Friday, May 27, 2016

What did you say you do?

When you hear the brand name Ford, Kraft, Coke, Aspirin, or Pampers, etc., your mind automatically creates an image of the company's product because you are familiar with the name. That is one-word branding. When you see MD, CPA, DDS, etc., after a person's name you immediately understand what the person does. But when you see the name of a person you don't know, with no clue about him or her, you have no idea what they do, unless they are a celebrity.

When it comes to writing a personal brand for a resume it can be difficult to convey the message in a way that is, crisp, clear, and understandable without creating a mini-biography. Yet in resumes it's important to quickly enable the reader to understand what you do and to create interest in reading the rest of the resume message.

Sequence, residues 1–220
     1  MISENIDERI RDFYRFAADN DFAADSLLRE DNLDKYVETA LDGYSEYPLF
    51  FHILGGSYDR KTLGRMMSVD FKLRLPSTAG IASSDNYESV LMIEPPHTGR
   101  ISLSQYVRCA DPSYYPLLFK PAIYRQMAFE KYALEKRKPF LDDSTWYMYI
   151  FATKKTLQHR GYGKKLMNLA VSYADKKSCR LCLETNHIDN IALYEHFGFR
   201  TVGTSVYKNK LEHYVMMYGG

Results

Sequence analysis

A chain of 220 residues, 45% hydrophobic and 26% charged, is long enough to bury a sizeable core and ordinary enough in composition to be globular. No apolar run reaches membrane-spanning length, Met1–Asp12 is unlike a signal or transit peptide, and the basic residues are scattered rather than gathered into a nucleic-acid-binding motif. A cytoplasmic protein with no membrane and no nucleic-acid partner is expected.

Because you are probably not well known, it's important to concisely say what you do and add a summary value added statement to piqué the reader's interest. The value statement provides the marketing 'hook' that excites the reader's interest.

"And there's more", he said. The reader also wants to know what you are good at doing. This can be accomplished in a tabulated list of your core competencies. The list should contain the most important skills (key words) required by the position being applied for at a bare minimum. This is necessary for ATS scoring.

Once you have captured the reader's interest in 5 seconds or less you can focus on the accomplishments and results of your work. These details are the primary values you bring to the hiring manager and are the reasons you will be called for an interview. The better able you are at providing quantified business value you bring, the stronger the motivation to interview you.

It all starts with your personal brand statement.

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